The ride quality of the Line Pro 30 wheels is quite good but is defined a little by their stiffness. These are among the stiffest wheels we've tested and that gives them a very precise steering feel and responsive handling. That same stiffness has the adverse effect of making them feel a little bit harsh and less damped than some of the competition with more balanced ride qualities. We wouldn't say they are too harsh, but notably less comfortable than the more compliant ride qualities of our top-rated models.
The Line Pro 30 wheels roll fast and feel quick and responsive, but the stiffer nature of them made them somewhat more prone to deflection. Our testers couldn't pinpoint exactly what gave these wheels the stiffer feel, though we assume it is due to the shape and profile of the carbon rim. The Bontrager rims have a deeper rim profile when compared to shallower rim designs like the Ibis S35, for example, which have a more forgiving and compliant ride quality. While the rims certainly feel robust and we appreciate some stiffness, a little more lateral compliance would have been welcomed by our testers. We can't however, complain about the freehub engagement, which at 3.3-degrees is very quick and helps to give these wheels, and the entire bike for that matter, a higher performance feel.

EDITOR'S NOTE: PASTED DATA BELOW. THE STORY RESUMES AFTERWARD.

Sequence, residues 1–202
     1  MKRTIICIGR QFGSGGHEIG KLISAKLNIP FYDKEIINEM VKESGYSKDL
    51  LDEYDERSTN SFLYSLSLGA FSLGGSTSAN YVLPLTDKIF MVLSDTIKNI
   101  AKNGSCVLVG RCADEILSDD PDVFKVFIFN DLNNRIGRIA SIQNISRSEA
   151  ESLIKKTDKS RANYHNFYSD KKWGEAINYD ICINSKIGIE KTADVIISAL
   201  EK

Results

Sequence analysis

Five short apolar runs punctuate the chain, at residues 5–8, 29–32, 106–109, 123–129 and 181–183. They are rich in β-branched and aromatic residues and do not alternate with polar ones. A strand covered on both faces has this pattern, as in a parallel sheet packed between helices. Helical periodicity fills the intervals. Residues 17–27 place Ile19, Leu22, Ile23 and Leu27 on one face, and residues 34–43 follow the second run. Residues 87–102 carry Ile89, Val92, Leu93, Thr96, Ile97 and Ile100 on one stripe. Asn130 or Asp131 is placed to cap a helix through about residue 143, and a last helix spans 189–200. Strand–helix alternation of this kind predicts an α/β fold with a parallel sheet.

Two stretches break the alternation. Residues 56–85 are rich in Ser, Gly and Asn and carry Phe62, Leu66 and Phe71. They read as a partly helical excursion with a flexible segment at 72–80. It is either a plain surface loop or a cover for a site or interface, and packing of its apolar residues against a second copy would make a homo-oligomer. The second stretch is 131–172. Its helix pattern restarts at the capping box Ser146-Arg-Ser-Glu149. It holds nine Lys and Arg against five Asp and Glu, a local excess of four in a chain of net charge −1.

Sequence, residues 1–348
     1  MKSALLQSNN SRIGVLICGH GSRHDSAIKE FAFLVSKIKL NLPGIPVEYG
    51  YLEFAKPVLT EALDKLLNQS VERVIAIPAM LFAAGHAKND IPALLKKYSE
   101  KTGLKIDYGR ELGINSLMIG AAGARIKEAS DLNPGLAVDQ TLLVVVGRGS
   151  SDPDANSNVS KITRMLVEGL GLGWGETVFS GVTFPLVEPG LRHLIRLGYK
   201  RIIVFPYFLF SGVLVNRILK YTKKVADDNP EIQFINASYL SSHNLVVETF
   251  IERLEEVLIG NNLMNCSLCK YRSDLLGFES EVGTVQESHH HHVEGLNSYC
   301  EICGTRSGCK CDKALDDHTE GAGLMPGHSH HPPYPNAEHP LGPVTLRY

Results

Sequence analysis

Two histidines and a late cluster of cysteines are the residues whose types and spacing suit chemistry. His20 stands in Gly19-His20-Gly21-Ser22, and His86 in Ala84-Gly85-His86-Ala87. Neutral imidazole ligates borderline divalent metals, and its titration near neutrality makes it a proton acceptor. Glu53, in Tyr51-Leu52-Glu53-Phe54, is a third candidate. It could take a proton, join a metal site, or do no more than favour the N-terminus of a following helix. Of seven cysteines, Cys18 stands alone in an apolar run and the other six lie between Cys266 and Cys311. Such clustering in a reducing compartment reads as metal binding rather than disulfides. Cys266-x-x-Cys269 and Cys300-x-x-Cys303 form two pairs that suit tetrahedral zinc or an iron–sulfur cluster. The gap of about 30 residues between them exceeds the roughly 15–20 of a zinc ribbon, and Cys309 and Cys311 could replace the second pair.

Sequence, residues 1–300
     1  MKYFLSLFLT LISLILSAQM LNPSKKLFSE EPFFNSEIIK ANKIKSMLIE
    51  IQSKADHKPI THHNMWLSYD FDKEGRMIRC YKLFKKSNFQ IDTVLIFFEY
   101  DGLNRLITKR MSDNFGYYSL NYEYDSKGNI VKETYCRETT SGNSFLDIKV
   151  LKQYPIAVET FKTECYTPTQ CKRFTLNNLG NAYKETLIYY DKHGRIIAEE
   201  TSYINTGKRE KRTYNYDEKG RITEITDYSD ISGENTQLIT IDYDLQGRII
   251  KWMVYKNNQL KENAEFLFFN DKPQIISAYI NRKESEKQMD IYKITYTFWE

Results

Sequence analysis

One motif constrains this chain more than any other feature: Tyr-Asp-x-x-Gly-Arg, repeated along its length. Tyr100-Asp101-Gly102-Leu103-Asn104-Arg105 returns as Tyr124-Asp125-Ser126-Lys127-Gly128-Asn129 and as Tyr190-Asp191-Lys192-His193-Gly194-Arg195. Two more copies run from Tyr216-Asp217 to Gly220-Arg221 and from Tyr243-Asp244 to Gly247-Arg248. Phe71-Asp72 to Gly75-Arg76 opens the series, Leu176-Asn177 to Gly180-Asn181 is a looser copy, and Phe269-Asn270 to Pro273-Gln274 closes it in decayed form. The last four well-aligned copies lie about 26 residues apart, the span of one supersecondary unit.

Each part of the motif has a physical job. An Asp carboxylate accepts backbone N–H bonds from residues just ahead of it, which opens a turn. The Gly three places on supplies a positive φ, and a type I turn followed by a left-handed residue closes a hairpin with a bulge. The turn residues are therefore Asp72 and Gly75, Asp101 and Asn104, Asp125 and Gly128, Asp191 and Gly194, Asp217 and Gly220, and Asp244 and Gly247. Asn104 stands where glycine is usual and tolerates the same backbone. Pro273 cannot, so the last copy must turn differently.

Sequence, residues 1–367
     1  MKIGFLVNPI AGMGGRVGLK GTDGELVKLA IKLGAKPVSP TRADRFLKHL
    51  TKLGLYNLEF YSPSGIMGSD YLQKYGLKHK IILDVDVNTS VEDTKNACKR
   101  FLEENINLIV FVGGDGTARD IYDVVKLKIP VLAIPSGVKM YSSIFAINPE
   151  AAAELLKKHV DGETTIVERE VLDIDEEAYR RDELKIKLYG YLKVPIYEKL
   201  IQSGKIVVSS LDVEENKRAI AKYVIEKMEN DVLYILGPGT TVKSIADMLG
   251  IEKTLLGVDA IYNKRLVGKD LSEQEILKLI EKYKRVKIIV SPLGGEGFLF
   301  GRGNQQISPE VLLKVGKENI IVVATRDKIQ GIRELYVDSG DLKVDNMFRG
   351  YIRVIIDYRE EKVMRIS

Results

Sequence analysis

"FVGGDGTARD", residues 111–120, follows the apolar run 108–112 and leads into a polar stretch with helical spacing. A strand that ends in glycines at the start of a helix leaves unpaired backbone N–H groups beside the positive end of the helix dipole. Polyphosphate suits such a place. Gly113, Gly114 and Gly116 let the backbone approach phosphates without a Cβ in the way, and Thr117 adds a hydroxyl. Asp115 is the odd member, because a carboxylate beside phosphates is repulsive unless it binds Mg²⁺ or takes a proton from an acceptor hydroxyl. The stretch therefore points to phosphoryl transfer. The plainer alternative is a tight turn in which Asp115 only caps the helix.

Bontrager has optimized their wheels to work best with Bontrager tires and in our testing, we found that mounting and seating those tires was quick and easy. Mounting tires from other brands, like the Maxxis DHF/DHR II combo, is another story entirely. These wheels proved to be some of the most difficult to get tires onto the rims of any wheels we've ever tested. Not a deal-breaker, but something to consider if you wear out tires quickly or change tires regularly.